Why We Swim (Compact Disc)
This is the kind of book that will appeal to those who loved Born to Run by Chris McDougall, except it takes place in water as opposed to dry land.
This fascinating read encompasses some history (from cave paintings and evidence of swimming in the now non-existent green lakes of the Sahara) and absorbing stories about swimmers willing or not.
Ms. Tsui also tackles why we swim and swimming as a force for healing. So whether or not you plan on jumping in a pool, lake or ocean this summer, take this along for entertainment.— Keebe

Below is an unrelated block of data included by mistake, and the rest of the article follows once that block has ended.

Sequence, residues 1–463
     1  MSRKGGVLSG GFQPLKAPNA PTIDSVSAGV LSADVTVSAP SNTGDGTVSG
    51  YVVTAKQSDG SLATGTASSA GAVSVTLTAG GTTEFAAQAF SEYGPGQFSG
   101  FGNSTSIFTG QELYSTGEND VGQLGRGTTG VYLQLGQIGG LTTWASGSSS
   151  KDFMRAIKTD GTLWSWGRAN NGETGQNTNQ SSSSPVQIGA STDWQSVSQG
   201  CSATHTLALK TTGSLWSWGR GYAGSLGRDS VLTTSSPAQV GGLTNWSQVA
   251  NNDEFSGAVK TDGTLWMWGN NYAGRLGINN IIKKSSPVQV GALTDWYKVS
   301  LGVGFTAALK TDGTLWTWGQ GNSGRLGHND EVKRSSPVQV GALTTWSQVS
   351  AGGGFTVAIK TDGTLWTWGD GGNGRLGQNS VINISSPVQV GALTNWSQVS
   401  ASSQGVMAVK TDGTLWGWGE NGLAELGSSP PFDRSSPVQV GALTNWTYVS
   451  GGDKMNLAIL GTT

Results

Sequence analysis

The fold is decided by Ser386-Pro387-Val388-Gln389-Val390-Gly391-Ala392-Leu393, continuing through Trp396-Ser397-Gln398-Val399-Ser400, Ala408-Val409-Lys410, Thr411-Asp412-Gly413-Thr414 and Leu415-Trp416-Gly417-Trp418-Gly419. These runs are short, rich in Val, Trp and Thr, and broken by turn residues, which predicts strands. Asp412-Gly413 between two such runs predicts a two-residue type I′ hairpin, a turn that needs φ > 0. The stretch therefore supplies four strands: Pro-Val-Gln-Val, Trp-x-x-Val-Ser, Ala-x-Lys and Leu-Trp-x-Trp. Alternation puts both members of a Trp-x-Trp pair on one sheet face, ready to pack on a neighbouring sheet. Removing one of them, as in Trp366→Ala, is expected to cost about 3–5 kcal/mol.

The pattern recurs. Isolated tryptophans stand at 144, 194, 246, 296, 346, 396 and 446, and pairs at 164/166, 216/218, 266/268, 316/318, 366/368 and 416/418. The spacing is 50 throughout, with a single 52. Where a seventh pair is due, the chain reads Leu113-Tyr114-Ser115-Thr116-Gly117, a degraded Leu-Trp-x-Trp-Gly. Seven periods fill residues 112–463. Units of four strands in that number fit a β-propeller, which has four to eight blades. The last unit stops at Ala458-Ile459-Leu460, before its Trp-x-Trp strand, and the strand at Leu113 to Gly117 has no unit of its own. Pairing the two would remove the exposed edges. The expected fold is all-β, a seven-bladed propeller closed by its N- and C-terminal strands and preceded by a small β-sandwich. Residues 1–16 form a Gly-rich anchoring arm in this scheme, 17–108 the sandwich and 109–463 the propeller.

Humans, unlike other animals that are drawn to water, are not natural-born swimmers. We must be taught. Our evolutionary ancestors learned for survival; now in the twenty-first century, we swim in freezing Arctic waters and piranha-infested rivers to test our limits. Swimming is an introspective and silent sport in a chaotic and noisy age; it's therapeutic for both the mind and body; and it's an adventurous way to get from point A to point B. It's also one route to that elusive, ecstatic state of flow. These reasons, among many others, make swimming one of the most popular activities in the world. Why We Swim is propelled by stories of Olympic champions, a Baghdad swim club that meets in Saddam Hussein's palace pool, modern-day Japanese samurai swimmers, and even an Icelandic fisherman who improbably survives a wintry six-hour swim after a shipwreck. New York Times contributor Bonnie Tsui, a swimmer herself, dives into the deep, from the San Francisco Bay to the South China Sea, investigating what it is about water--despite its dangers--that seduces us, tempting us to come back to it again and again.